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8.14 Active mines and mining claims19

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While the area of land used for mining may not cover much of the country's surface, its contribution to Namibia's economy is significant. Indeed, mining contributes more to Namibia's GDP than any other sector, and diamonds provide the greatest part of that contribution. Large active mines are indicated by active mining areas here, while smaller mining claims which may be active or inactive are marked by points. In 2020 when this map was compiled, rare metals mined included zinc, tin, iron, tantalite, lead and copper; industrial minerals included limestone, gypsum, fluorspar, graphite and salt; precious metals were limited to gold and silver; dimension stone included granite, marble, dolerite, sodalite, sandstone and crushed stone; precious stones were limited to diamonds; semi-precious stones included tourmaline, rose quartz, aquamarine and garnet; and the nuclear fuel material mined was uranium.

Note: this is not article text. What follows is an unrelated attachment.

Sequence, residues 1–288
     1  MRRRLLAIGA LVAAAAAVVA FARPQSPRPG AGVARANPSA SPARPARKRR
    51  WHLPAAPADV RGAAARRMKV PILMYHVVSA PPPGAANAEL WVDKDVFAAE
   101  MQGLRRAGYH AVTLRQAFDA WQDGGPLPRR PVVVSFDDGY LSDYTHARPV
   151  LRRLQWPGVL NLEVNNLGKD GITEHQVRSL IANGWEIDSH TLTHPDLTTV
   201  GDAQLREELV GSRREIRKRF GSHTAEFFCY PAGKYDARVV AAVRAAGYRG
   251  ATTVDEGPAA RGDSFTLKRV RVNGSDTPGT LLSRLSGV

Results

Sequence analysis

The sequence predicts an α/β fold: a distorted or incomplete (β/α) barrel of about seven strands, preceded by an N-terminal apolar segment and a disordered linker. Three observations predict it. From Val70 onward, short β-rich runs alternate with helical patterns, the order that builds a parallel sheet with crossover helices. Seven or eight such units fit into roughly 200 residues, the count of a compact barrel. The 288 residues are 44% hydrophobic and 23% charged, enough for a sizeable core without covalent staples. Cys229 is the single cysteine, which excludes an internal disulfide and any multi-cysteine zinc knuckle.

8.15 Mining and exploration licences, 1950–1999 and 2000–202020

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The distribution of mining and exploration licences for minerals varies across the country. The greatest density of claims stretches between Walvis Bay, Windhoek, Khorixas and the Kunene River. There are comparatively few licences in areas where the underlying geology has been covered by Kalahari or Namib sands. Offshore licences are mainly for petroleum prospects.


Photo: H Baumeler

This aerial photo shows the town and mine at Rosh Pinah where lead and zinc are mined. The mine was established in 1969. Twenty kilometres northwest of it is Skorpion, which is one of the most productive zinc mines in the world.


Photo: O Ernst & H Baumeler

The tailings facility of the Swakop Uranium mine, known also as Husab, which began production in 2016. Ten per cent of the mining operation is owned by the Namibian state through the Epangelo Mining Company while the remaining 90 per cent belongs to Chinese enterprises.